You could have fun playing the game, but was Nintendo willing to sell it to you?
Nintendo's Mario Kart Wii launch event occurred at the Nintendo World Store in New York City on Saturday, April 26. It was advertised as an opportunity to both get some hands on time with the game and buy yourself a copy a day early. Jason Priestley added a bit of star power to the whole event for all of the 90210 fans in attendance.
I happened to be downstate on Saturday and while I had to leave for my flight by 5pm, I felt that only missing the final hour wouldn't be a big deal. Doing an initial walk by of the store at around 12:30 in the afternoon, the preparations had begun. There were Kart shaped Wii setups going up all over the place, both inside and outside the store. A sign was posted stating that sales of the game would be going on from 4-6pm. I was confused, but assumed that I had read the original announcement online incorrectly, and left the area to see some sights.
Wiring up the kart-shaped stations
One of many tents
At around 3:30pm I returned and realized that the event had been going on for quite some time. It was obvious that the actual gameplay did begin at 2pm as the online announcement had read, but actual sales of the game weren't supposed to begin until 4pm. A line had formed in front of the store and was about 30 people strong at the time I walked up. Slightly confused, I checked out all of the events going on. Someone dressed as Mario was out in the street, dancing and doing other silly things. They were hosting all sorts of mini tournaments, giving away free t-shirts, bumper stickers, and air fresheners to the participants. Overall, everyone seemed to be having a ton of fun. It was crowded, but not packed. There was definitely a good amount of buzz in the area, which is especially impressive considering the NFL draft was going on mere blocks away.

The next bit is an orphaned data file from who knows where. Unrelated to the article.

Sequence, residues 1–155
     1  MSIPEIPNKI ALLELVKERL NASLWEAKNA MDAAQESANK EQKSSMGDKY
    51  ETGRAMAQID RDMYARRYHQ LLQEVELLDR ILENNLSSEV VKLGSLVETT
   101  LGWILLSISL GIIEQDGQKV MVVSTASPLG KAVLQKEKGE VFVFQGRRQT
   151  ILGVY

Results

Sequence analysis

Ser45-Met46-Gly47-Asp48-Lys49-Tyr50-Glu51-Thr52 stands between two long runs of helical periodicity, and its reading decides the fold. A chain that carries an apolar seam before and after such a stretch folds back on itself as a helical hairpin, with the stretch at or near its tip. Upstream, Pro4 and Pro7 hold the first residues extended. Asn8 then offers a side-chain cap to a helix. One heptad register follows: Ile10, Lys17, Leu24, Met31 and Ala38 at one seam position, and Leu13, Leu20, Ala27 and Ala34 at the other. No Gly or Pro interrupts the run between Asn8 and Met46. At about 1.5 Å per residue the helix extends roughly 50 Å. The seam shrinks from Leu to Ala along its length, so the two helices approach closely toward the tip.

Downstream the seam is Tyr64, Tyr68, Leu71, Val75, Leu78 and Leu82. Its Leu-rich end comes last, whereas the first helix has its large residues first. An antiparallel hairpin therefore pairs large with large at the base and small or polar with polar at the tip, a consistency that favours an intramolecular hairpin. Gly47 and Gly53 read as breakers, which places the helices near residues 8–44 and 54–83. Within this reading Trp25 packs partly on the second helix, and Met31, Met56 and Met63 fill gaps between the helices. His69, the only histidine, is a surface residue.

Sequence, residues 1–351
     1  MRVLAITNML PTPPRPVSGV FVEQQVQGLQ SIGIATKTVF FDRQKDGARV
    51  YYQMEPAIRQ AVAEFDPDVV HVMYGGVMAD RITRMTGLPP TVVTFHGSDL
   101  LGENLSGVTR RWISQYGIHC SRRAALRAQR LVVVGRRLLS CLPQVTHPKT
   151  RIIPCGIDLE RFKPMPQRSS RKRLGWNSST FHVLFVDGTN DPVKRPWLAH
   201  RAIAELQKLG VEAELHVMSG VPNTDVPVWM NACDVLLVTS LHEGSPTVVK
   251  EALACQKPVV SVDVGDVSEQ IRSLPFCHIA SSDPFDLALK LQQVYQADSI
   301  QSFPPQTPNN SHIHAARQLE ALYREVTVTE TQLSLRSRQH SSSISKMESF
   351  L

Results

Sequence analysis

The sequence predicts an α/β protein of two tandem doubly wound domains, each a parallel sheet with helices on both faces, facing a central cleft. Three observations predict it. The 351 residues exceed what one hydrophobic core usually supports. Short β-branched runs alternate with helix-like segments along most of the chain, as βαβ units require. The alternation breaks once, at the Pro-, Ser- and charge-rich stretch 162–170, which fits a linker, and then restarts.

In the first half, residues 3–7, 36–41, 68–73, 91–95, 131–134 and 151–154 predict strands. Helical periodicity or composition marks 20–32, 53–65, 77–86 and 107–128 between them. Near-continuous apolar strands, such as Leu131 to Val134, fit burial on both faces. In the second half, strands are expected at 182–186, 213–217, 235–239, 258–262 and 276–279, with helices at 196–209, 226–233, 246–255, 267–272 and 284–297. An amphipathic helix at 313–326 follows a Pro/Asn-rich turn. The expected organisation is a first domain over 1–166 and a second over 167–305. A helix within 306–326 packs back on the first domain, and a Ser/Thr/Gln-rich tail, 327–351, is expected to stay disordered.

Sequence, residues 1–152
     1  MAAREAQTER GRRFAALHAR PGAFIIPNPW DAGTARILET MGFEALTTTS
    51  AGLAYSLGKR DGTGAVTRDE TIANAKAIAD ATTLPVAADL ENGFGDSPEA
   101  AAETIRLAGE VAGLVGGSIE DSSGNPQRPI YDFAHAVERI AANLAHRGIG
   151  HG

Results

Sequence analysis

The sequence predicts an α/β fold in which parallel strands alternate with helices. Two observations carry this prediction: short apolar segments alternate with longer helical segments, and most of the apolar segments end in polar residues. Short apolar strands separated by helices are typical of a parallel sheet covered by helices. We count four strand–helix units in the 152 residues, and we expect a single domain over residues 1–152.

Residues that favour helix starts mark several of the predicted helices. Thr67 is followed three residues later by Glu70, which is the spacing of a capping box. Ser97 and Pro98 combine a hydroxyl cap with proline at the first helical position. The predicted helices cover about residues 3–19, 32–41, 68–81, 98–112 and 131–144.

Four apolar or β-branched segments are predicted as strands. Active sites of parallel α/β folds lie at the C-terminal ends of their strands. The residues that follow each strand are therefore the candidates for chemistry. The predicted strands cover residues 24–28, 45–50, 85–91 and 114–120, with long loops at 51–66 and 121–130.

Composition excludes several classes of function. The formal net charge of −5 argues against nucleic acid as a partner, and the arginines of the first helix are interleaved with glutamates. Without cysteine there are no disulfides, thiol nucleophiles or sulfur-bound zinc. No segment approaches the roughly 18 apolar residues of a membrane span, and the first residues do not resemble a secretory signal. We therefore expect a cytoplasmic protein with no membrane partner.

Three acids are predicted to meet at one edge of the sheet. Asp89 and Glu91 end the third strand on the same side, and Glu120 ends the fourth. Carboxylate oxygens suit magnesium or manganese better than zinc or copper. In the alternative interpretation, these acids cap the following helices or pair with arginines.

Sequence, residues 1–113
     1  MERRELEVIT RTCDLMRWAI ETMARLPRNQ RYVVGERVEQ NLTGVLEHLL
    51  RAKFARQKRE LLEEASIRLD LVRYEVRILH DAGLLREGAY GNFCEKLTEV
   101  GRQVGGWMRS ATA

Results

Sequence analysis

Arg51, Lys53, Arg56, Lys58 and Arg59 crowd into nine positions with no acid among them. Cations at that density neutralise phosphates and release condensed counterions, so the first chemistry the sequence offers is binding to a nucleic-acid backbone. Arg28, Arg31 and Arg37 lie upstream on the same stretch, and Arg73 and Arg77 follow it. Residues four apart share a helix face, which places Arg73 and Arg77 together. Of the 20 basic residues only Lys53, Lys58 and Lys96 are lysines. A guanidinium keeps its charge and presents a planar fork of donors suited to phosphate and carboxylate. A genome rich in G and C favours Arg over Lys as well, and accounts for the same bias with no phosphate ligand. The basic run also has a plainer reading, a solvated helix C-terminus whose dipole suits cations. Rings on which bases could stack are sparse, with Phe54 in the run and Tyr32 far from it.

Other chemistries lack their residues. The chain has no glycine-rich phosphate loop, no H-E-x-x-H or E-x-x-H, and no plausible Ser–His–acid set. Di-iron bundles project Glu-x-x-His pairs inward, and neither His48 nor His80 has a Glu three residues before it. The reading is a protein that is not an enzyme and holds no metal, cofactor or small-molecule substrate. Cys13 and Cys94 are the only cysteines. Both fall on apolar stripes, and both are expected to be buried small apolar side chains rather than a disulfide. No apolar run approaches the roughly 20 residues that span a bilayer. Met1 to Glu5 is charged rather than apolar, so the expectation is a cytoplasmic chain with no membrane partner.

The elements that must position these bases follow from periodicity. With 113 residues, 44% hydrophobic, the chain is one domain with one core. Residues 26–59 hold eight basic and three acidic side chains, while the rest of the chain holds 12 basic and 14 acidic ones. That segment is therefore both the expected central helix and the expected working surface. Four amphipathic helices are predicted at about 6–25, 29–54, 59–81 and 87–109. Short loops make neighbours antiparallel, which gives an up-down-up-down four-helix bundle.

Mario is making kids happy!
Playing some Mario Kart in a kart!
Posing for a license shot
It became apparent that the best way to participate in these events was to get in line, so that is what I did, at around 3:45pm. This was in what appeared to be the only line, directly in front of the store. A mere seconds after I stepped into line, others came up behind me and asked if this was the line to purchase the game. I couldn't say anything other than "I think so," in response. As time passed, occasionally five or six people from the front of the line would be brought inside. Whenever we could flag a World Store employee down, we all asked them, "Is waiting in this line what you have to do to buy the game?" All of them said yes, until the one that seemed to be running things. He explained that this line was to play the game. I then explained to him that what I would like to do is take some pictures of people playing the game, and then buy a copy of the game for myself. He said, "Well, in order to buy the game you have to play it," and walked away. The prospective purchaser behind me joked "You're forcing us?!" at his back as he left.